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Mysterious radio signal from space traced to ‘zombie’ in our galaxy

Click to play video 'New pattern of mysterious radio signals detected from space' New pattern of mysterious radio signals detected from space
WATCH: The Canadian Hydrogen Intensity Mapping Experiment (CHIME), a powerful new telescope located near Penticton, B.C., can detect radio signals blasting out from space – Feb 12, 2020

Researchers have traced a mysterious radio signal to a point within our own galaxy — and the source appears to be more zombie than alien.

The signal detected in late April appears to have come from a distant object inside our Milky Way galaxy, according to three research papers published in Nature on Wednesday.

The papers lay out how several telescopes, including the CHIME facility in Canada, all heard the millisecond-long signal April 27-28. Researchers gathered multiple radio and X-ray readings from the event, then compared notes to trace the signal’s origin to our own cosmic neighbourhood.

Read more: Canadian telescope hears mystery radio signal repeating every 16 days

The millisecond-long signal, known as a fast radio burst (FRB), is one of hundreds detected from space over the last 13 years. Most of the brief, occasionally repeating bursts have come from distant parts of the universe, leaving scientists puzzled as to their exact origin point. This latest signal is the first one that scientists have been able to “hear” with clarity.

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“Given the source distance, this is the most luminous radio burst ever detected in our own galaxy,” CHIME researcher Daniele Michilli told BBC News.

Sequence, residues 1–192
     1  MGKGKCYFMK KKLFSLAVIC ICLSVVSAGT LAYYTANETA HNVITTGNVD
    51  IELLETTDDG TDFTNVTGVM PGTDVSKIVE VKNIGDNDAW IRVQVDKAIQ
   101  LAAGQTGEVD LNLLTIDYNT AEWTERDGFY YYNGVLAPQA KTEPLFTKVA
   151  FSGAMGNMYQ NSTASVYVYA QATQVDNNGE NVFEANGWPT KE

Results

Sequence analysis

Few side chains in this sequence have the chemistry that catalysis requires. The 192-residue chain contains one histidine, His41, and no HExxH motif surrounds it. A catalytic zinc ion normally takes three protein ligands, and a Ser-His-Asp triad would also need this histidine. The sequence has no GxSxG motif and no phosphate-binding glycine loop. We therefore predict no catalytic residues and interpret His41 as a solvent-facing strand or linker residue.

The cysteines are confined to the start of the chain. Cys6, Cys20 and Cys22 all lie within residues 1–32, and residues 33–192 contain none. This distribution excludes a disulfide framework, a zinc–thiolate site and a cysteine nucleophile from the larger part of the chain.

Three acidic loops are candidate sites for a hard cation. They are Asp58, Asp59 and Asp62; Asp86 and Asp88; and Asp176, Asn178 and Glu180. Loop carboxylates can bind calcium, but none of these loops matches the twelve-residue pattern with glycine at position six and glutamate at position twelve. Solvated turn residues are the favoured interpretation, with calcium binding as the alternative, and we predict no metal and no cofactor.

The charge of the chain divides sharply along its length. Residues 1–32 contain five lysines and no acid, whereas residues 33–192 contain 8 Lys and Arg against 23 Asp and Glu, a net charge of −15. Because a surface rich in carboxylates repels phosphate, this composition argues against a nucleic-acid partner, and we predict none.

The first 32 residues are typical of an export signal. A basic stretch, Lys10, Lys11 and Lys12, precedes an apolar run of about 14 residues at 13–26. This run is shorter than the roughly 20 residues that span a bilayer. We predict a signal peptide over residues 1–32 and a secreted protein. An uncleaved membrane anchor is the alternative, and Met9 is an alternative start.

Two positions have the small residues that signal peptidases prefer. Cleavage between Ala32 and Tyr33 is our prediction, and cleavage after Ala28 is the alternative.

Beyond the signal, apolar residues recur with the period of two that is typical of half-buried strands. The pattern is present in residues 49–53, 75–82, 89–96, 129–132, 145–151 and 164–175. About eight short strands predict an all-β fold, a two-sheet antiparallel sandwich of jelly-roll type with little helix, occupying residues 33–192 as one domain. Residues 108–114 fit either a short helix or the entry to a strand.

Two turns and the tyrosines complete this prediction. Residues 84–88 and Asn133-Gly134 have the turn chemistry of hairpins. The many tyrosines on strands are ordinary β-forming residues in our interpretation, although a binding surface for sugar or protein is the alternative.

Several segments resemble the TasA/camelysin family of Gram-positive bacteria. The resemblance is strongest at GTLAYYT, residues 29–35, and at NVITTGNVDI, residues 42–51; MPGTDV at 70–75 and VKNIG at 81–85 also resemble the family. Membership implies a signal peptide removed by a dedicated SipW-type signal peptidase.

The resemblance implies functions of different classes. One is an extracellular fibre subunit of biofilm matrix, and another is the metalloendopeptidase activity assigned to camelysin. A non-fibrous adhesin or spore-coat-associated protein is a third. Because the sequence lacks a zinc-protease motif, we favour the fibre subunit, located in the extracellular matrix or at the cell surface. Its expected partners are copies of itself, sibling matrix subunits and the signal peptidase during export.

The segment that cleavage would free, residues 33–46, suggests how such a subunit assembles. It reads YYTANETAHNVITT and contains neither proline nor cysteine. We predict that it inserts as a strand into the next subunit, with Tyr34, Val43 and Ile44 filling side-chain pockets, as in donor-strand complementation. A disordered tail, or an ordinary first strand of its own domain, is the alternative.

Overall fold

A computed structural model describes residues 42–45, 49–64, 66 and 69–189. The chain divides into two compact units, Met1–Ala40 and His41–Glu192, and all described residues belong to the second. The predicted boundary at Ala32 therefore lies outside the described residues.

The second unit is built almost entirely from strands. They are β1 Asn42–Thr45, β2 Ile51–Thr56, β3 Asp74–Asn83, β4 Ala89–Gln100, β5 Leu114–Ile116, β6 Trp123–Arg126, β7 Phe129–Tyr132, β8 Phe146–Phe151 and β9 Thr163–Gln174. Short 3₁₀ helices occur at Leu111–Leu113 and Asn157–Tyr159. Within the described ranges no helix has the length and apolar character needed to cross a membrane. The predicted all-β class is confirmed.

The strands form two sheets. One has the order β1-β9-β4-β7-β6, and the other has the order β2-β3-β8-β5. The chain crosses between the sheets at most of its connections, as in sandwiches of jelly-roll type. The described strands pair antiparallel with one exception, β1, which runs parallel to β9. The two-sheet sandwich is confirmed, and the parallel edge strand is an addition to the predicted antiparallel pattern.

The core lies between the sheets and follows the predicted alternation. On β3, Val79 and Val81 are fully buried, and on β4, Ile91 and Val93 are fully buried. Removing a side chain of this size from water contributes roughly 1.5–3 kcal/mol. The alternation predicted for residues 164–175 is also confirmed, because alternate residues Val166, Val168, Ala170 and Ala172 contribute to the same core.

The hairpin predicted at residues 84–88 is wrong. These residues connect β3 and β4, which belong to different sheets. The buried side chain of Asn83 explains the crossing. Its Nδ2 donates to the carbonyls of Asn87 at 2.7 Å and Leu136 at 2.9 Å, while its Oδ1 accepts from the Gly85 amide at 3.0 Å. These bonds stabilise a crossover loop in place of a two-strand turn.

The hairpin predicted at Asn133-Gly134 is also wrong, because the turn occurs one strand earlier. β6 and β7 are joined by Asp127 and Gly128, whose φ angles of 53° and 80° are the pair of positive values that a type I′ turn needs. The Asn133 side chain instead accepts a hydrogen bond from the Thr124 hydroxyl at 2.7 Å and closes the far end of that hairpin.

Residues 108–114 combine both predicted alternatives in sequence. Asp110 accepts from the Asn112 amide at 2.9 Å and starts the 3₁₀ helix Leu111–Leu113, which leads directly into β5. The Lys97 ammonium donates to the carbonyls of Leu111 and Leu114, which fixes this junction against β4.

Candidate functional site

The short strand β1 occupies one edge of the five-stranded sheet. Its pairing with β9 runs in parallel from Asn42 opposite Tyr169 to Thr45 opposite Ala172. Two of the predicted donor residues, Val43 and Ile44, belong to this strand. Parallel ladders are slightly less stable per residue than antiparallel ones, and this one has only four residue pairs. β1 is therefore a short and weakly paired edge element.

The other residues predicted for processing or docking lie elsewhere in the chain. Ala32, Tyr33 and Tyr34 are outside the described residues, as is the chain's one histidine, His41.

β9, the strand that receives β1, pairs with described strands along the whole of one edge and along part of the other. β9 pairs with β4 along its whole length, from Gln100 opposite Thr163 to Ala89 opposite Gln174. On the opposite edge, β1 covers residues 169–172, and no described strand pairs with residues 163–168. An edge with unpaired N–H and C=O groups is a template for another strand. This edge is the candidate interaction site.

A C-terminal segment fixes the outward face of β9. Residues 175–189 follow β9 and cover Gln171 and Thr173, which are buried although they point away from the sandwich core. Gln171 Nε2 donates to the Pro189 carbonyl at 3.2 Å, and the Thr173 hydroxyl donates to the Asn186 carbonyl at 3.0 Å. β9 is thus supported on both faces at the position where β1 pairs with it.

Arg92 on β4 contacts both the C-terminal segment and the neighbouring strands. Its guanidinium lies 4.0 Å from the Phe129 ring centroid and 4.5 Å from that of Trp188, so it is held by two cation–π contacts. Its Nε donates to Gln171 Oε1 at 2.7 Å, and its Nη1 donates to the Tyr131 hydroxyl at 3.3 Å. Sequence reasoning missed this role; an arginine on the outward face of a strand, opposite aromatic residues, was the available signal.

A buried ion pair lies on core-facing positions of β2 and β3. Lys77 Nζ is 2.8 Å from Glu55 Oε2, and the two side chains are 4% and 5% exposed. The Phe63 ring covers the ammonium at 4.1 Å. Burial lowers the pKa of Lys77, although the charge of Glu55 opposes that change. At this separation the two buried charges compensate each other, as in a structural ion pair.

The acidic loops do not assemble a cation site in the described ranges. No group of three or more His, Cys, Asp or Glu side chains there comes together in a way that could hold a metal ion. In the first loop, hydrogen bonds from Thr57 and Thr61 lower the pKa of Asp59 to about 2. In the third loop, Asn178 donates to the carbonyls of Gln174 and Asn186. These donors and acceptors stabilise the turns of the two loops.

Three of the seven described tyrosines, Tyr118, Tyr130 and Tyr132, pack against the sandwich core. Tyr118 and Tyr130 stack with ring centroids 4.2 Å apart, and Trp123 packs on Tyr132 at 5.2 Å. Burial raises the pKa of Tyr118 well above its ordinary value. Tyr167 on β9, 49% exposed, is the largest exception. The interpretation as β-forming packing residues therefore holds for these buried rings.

The signal was so strong that a regular 4G cellphone might have been able to pick it up, according to Christopher Bochenek, the lead researcher on the STARE2 telescope in the United States. STARE2 was one of the other telescopes that detected the signal, in what Bochenek described as a stroke of luck.

“We still don’t really know exactly how lucky we got,” he told reporters on Wednesday. “This could be like a once in five-year thing. Or there could be a few of these things that happen every year.”

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The mysterious signals have stoked speculation that they might be a message — or a warning — from distant alien life. However, researchers say the origin for this signal was likely a magnetar — a cosmic name for what is essentially a “zombie” star.

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Scientists believe black hole swallowed up neutron star – Aug 23, 2019

When a star dies, it blows up in a supernova, then collapses inward into a super-dense ball. If that ball gets dense enough, it becomes a black hole, but if not, it often turns into a neutron star.

A magnetar is essentially an extremely rare, mysterious and powerful form of neutron star, according to NASA. It has a tremendously powerful magnetic field that crackles across its surface and occasionally explodes in massive outbursts.

The magnetic field is stronger than 100 trillion refrigerator magnets, or billions of times more than the magnetic force of the sun, according to NASA.

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A rupture in the crust of a highly magnetized neutron star, shown here in an artist’s rendering, can trigger high-energy eruptions. NASA's Goddard Space Flight Center/S. Wiessinger

The new papers suggest that the radio bursts may be caused by a magnetar’s decaying magnetic field, although more study is needed.

“It demonstrates that magnetars can release a huge amount of radio energy with properties like those of FRBs, implying that at least (some) FRBs are probably coming from magnetars,” Michilli said.

Read more: Mystery radio signal first spotted in Canada traced to nearby galaxy

“There’s this great mystery as to what would produce these great outbursts of energy, which until now we’ve seen coming from halfway across the universe,” Kiyoshi Masui, an MIT physics professor, told The Independent. He was also one of the researchers on the project.

“This is the first time we’ve been able to tie one of these exotic fast radio bursts to a single astrophysical object,” he said.

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It’s unclear how many magnetars exist in the universe, but NASA has only identified a handful of them to date.

Researchers say the magnetars are a plausible source for some of the one-off bursts they’ve heard.

However, they still don’t explain why we’ve been getting other signals on repeat.